In the past 2 or 3 years we have seen the advent of DVD camcorders. These use smaller 8cm DVD discs and a slightly different form of compression technique to record the picture. They were originally promoted as 'Easy to use and View' - the disc simply being taken from the camcorder and placed into any DVD player to watch. These early models came in the inevitable variety of sub-formats such as DVD-R/RW, DVD+R/RW and DVD-RAM. All had compatibility problems and meant that these early models were not widely sold. However, DVD offers the investigator some distinct advantages too. The finished disc can be placed directly into a computer drive and the footage used without the often time-consuming step needed with tape systems to get the video data onto the computer. The discs, provided they are Re-Writable (RW) type can be used hundreds of times unlike tapes which are really only good for single use in evidential terms. A secondary advantage with these DVD camcorders is that the compression format (MPEG2) is not so easy to edit as yet by consumer software so computer assisted hoax video footage is also rarer at the moment with this system. The compression ratio is also usually selectable by the user so a disc can be last from around an hour to about 20 minutes depending on the picture quality required, obviously the higher quality / shorter times may be preferred by the investigator but even the lowest setting is still usually better than standard VHS tape footage. In the past couple of years many of the compatibility problems have been dealt with and any disc can usually be played in any home computer of fairly recent domestic DVD player - there are a few exceptions so one does still need to be aware.

Camcorders using solid state or internal hard discs are now becoming available too - these have some advantages for the paranormal investigator but also have some distinct problems of their own too. For the present those with Solid state memory either internally fitted or in the form of memory cards offer poor recording times and apart from their use in very small 'pocket' video cameras or in video-camera mobile phones their usefulness to the paranormal investigator is limited to perhaps making video 'sketches' of locations or short witness interviews.

Very recently, camcorders fitted with large internal hard drives have started to appear as consumer products. They allow very long continuous recordings to be made and remove the need to change tapes or discs - perhaps even for a whole investigation session. The compression technique is similar to that used for DVD and as with DVD this is variable allowing longer recording times to be made with a slight reduction in quality - again down to levels similar to standard VHS tape. At this sort of picture quality recording times up to 8 hours or more are possible.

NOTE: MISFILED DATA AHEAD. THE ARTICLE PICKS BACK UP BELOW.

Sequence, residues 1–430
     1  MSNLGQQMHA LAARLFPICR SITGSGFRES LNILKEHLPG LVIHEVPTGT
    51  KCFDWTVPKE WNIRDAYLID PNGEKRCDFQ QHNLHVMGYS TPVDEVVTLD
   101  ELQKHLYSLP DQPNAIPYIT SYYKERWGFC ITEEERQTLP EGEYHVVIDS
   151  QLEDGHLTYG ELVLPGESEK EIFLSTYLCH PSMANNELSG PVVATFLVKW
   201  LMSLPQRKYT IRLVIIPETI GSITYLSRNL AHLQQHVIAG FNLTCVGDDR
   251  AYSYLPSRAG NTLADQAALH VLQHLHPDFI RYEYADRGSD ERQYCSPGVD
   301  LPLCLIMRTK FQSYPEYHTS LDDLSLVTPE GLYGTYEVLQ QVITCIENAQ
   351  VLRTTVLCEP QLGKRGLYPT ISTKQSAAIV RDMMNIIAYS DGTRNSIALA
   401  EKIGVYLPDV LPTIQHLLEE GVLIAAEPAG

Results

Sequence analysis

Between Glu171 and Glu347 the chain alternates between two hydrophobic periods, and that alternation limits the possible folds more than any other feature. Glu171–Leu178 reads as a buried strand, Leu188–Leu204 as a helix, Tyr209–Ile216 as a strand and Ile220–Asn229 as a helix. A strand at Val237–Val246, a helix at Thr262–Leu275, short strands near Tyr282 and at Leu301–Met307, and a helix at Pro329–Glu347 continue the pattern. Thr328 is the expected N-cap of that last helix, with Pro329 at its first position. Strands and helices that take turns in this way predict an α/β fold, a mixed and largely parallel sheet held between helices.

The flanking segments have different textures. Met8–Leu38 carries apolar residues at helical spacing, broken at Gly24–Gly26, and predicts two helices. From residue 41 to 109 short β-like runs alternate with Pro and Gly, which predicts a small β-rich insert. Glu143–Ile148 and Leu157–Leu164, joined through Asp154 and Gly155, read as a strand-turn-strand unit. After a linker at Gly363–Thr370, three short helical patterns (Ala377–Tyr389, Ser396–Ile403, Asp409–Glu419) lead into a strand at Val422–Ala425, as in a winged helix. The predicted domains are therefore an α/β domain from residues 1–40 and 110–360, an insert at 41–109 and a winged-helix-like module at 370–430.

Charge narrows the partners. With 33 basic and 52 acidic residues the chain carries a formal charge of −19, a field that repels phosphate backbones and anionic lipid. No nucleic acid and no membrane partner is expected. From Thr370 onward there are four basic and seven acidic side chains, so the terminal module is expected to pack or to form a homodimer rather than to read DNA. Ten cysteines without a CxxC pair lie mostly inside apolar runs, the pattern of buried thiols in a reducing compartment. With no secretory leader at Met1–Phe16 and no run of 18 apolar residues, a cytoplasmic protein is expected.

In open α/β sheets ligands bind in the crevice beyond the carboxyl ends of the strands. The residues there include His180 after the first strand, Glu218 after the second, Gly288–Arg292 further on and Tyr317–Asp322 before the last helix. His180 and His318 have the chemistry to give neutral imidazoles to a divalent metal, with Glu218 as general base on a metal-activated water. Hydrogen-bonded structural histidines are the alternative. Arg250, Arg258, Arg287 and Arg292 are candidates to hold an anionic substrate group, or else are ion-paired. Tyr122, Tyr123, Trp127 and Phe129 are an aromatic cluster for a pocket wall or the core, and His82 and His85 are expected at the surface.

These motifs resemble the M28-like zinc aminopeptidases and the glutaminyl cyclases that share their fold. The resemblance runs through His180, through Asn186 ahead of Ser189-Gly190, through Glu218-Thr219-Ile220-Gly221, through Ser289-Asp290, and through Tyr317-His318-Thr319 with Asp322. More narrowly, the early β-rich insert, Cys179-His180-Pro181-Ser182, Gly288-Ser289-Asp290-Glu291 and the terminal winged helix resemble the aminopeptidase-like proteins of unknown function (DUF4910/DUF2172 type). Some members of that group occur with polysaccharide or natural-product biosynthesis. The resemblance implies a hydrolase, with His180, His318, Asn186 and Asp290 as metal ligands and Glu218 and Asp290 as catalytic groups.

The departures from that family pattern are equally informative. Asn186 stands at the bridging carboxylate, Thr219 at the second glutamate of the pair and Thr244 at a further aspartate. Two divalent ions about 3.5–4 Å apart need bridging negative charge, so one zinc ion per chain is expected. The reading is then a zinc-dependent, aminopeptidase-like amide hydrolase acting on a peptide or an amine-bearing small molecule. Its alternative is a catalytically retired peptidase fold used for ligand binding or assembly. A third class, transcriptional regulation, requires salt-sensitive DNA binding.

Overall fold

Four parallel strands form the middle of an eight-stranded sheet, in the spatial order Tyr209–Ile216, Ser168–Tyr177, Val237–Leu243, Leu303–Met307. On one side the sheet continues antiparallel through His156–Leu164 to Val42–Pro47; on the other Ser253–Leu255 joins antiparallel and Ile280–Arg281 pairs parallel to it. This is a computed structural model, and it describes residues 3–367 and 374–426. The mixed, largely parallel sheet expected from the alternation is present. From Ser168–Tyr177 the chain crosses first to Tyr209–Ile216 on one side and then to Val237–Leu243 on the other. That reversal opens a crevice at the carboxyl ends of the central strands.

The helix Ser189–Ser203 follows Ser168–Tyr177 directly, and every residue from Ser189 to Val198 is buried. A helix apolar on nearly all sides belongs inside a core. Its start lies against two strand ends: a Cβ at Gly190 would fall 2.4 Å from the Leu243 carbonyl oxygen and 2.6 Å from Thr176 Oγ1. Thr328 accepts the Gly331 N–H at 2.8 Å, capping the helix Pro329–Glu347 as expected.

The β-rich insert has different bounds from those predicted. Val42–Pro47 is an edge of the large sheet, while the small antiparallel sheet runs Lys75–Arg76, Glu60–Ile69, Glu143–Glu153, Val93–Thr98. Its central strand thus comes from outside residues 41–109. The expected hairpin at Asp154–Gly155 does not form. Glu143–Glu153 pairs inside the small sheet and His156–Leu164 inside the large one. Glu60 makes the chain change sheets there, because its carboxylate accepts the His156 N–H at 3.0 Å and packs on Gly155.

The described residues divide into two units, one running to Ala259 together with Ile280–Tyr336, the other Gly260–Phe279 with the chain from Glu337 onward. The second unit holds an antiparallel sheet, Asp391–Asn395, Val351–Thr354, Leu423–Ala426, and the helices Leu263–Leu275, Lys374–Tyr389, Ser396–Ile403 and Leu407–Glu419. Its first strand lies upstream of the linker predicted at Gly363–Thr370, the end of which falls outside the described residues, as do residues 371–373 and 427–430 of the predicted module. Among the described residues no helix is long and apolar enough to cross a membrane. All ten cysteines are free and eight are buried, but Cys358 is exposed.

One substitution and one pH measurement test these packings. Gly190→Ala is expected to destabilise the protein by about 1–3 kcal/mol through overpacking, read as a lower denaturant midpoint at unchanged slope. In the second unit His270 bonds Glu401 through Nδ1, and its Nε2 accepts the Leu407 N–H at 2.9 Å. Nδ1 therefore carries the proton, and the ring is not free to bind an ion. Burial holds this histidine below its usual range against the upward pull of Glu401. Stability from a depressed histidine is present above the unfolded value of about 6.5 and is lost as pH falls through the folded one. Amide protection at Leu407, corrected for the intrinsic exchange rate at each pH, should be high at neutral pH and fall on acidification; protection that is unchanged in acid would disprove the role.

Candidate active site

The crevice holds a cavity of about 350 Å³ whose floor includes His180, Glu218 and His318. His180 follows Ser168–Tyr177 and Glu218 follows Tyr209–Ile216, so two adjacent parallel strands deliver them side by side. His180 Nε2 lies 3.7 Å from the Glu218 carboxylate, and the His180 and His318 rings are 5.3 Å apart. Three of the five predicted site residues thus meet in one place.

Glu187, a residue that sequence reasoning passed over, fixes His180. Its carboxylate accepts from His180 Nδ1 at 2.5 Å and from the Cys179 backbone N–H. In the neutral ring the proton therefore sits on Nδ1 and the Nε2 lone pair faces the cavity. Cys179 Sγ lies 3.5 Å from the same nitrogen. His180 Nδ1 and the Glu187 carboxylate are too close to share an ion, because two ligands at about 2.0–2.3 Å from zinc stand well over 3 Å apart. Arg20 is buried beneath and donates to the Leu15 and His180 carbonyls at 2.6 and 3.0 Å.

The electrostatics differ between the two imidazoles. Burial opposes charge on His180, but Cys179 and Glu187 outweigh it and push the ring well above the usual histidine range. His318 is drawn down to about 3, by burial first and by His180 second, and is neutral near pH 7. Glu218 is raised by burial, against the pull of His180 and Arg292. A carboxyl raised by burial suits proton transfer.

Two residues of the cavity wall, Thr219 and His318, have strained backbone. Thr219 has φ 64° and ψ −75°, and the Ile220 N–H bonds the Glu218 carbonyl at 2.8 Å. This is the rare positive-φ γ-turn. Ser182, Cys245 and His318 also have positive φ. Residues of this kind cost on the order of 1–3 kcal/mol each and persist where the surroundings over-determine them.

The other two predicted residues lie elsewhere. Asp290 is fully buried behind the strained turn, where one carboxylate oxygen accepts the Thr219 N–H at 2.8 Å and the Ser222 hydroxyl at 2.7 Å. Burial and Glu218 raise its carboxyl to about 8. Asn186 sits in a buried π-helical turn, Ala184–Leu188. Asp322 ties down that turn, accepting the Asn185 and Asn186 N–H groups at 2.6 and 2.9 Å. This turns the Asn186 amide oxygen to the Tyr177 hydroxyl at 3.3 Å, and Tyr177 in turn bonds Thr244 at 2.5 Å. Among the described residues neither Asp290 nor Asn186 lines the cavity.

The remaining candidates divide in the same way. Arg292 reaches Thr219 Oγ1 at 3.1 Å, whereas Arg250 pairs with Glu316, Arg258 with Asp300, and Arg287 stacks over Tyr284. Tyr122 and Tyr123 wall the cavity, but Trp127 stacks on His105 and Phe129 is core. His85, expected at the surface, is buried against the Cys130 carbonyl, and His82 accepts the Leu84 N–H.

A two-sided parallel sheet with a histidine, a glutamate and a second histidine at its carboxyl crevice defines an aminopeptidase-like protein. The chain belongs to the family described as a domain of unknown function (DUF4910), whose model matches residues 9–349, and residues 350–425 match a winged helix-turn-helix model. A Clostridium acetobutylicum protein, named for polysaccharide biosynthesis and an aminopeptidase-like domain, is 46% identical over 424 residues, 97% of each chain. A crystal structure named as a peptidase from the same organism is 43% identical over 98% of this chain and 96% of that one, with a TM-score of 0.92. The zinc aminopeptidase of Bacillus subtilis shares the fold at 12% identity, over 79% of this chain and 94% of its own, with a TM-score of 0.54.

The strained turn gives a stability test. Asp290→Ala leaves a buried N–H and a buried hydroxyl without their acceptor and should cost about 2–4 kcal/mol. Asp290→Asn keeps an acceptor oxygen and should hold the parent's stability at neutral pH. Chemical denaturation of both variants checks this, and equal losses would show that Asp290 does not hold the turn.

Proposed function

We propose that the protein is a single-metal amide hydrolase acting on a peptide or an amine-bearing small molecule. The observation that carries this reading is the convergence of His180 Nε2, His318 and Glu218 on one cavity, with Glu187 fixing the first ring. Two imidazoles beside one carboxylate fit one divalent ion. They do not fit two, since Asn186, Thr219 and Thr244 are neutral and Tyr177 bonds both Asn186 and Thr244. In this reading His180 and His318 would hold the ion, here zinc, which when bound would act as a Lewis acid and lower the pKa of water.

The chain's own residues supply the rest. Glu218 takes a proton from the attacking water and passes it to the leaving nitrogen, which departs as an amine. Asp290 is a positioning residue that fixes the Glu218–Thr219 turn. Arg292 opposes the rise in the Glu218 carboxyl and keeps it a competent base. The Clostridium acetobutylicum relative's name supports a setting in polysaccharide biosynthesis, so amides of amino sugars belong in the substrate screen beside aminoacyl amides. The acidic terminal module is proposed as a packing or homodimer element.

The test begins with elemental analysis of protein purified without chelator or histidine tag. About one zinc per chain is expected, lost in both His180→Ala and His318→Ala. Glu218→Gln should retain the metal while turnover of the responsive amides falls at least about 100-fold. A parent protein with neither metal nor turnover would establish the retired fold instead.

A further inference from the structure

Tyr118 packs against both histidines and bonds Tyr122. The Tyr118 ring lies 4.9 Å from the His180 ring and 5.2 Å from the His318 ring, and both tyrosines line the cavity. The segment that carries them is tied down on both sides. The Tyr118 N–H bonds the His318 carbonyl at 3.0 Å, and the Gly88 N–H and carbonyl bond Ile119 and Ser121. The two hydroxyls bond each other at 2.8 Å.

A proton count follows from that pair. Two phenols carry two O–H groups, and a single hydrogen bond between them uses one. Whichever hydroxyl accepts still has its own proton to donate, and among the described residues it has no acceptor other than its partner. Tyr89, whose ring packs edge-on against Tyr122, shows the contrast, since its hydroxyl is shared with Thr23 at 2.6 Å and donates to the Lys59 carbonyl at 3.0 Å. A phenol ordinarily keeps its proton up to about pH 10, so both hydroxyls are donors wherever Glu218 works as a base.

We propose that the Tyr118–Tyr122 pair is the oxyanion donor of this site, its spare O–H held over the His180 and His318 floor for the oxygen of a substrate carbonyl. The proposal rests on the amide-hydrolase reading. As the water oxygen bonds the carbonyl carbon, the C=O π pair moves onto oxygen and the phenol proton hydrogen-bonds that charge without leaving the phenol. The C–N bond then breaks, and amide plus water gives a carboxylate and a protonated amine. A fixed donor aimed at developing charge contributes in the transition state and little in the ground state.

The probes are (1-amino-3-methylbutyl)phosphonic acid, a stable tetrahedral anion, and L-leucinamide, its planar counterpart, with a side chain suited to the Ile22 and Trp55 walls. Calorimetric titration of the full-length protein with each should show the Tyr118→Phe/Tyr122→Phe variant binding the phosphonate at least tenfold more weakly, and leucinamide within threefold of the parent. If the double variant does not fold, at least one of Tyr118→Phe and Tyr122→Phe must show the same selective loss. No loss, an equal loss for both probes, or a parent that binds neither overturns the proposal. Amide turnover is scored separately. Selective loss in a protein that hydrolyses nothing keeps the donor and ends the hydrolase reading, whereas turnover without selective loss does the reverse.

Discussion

The major downside of this system is that once the disc is full the user needs to download it to a computer before the disc can be re-used to make further recordings. If you do not have a computer to hand this may mean the camcorder is of no further use - a problem when away from base or on multi-night investigations unless one has a laptop available.

Evidentially, there may be other issues too - the footage from a tape or DVD camcorder can be retained on the original recording medium and so the investigator can show that no-post production techniques have used to 'create' anomalies. Sceptics may never be fully convinced but having the original recording is always a good safeguard. With these 'write to memory' systems the footage must be transferred to either a computer or via a computer be burned to a DVD etc. This is now a copy of the original and it becomes more difficult to demonstrate that any additional steps have taken place.

Digital video as with digital still needs to be carefully considered in terms of it's potential evidential value. Software and in-camera editing means that images can be easily altered either unwittingly or deliberately leading to the creation of false anomalies that some may then consider to be paranormal.

Some Useful Features

Camcorders often have a wide range of 'features' built-in by the manufacturer to make the products more saleable to the consumer. Most are little more than gimmicks and of little use the paranormal investigator, but one or two are of real benefit and if used correctly can increase the usefulness of the potential video evidence. It is these that we will look at here.